Khabarnegaran.info-Niki Azad: Local journalist Mahdieh Amiri speaks of the hardships of practicing journalism in the southern Iranian province of Bushehr. Amiri has been working as a journalist in Bushehr for years. Since 2007, she has been the editor-in-chief of a few local websites, biweekly and quarterly magazines. She is now the editor-in-chief of hamooniran.com website and Ava-ye Dashtestan biweekly.
Will Green Movement news websites survive26 September 2013
Translated by:Mehrdad Safa
Khabarnegaran.info-Niki Azad-sara mohseni: After the disputed Iranian presidential election of 2009, a number of news websites were launched to specifically cover the news on the Green Movement’s street protests, intimidation against opposition groups, and imprisonment of political and human rights activists.
Once the street protests ebbed away after about nine months, these so-called Green Movement websites continued to report on the status of political prisoners and the deterioration of economic and political situation.
However, after President Rouhani’s election in 2013, with whom reformists are sympathetic, there is seemingly a notable shift in the policy of these websites which are affiliated with reformists. This report closely scrutinizes the performance of two of the most distinguished Green websites, namely Kaleme and Jaras by doing a comparative content analysis in the period before and after Iranian presidential election of 2013.
Political prisoners and opposition leaders house arrest
A content analysis of Kaleme and Jaras websites shows that their news coverage of political prisoners and house arrest of three prominent opposition leaders Mir Hossein Mousavi, Zahra Rahnavard and Mehdi Karoubi has been scaled down this year.
However, a more detailed categorical comparative analysis indicates that the fall is more related to the news on political prisoners. In fact, the news coverage of opposition leaders’ house arrest has increased in Jaras and remained almost unchanged in Kaleme. Instead, prayers and invocation relating to political reporters have seen an increase this year.
“It seems that you have not performed a careful statistical study,” a senior editor of Kaleme told us regarding the scaled down news coverage of political prisoners after President Rouhani’s election. “Quantitatively speaking, nothing meaningful has happened. Even if it happened, it wouldn’t reflect any changes in policies.” Changes in the scale of news coverage of political prisoners may also be because of the status quo of political prisoners at a given time, he said.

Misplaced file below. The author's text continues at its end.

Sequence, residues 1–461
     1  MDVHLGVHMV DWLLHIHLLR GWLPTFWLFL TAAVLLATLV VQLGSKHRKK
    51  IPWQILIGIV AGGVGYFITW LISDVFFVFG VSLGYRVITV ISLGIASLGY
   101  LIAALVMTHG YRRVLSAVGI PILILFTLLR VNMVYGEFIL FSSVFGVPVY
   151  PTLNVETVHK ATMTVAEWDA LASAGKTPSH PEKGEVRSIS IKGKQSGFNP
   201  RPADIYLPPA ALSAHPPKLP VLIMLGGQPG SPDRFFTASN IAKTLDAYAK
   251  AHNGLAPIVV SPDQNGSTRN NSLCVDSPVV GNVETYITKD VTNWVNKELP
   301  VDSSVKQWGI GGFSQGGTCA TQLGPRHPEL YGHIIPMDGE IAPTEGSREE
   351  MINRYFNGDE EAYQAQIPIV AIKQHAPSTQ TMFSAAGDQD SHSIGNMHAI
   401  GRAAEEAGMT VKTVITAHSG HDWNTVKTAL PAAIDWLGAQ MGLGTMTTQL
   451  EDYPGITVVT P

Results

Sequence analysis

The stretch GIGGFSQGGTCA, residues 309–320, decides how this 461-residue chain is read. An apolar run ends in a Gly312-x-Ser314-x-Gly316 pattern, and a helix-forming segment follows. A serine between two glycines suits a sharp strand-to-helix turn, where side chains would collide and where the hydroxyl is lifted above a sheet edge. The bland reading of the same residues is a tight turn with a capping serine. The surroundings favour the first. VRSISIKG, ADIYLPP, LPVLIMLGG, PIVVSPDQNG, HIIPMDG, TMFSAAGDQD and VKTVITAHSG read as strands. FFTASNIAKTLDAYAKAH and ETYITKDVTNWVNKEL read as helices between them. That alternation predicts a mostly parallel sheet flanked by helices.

News coverage out of interest
“These websites acts in the political interests of their faction and gives political prisoners the coverage with a regard to their interests,” an independent journalist told us.
“There has been a sharp fall in the news coverage of political prisoners, both quantitatively and quantitatively speaking,” he believes. “Prayers and invocation are topics that draws far less public attention.”
Will Green Movement websites shut down?
The Green Movement websites were launched in a heightened security state of post-election June 2009. But how they will transform, if they can, under the new circumstances? What are their red lines for the news coverage of political prisoners? Do they selectively report on a special group of political groups?
“Our website has not been launched for an emergency state, so that it will shut down after the emergency state is lifted,” said a senior editor of Kaleme.
However, an experienced journalist who wanted to remain anonymous believes that they will shut down once the heightened security state is lessened down. “Even if you take a look at their articles today, you will find nothing of much importance. They are full of prayers and heavily biased analyses and their losing their visitors. Many of them impose their self-constructed red lines in the news coverage of political prisoners.”
Our study also reveals that Jaras uses more alternative sources and gives a wider coverage of political prisoners compared to Kaleme. For instance, Jaras’s news coverage of religious minorities such as Baha’is and Christian converts are far greater than Kaleme’s. Also, Jaras regularly quotes Mokrian, a news website on Kurdish minorities, while Kaleme do not use it as a source.
Khabarnegaran.info-Niki Azad: How is life for Iranian journalists after prison? Does their attitude toward their journalism – the profession that put them in jail – change? Are they more conservative than before? Or bolder?
Khabarnegaran – Niki Azad: He has been put in jail three times for his journalist writing, though he says that jail has not made him feel disappointed with the profession of journalism.